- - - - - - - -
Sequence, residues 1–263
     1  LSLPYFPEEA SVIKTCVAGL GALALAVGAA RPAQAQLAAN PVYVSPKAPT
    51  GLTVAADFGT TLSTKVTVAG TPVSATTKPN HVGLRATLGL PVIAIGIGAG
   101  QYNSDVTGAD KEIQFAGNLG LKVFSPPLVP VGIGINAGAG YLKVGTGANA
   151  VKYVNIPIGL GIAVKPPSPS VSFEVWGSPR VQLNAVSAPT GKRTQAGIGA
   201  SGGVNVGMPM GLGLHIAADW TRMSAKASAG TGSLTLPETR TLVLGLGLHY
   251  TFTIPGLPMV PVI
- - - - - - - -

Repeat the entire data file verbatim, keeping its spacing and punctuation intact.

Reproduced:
Sequence, residues 1–263
     1  LSLPYFPEEA SVIKTCVAGL GALALAVGAA RPAQAQLAAN PVYVSPKAPT
    51  GLTVAADFGT TLSTKVTVAG TPVSATTKPN HVGLRATLGL PVIAIGIGAG
   101  QYNSDVTGAD KEIQFAGNLG LKVFSPPLVP VGIGINAGAG YLKVGTGANA
   151  VKYVNIPIGL GIAVKPPSPS VSFEVWGSPR VQLNAVSAPT GKRTQAGIGA
   201  SGGVNVGMPM GLGLHIAADW TRMSAKASAG TGSLTLPETR TLVLGLGLHY
   251  TFTIPGLPMV PVI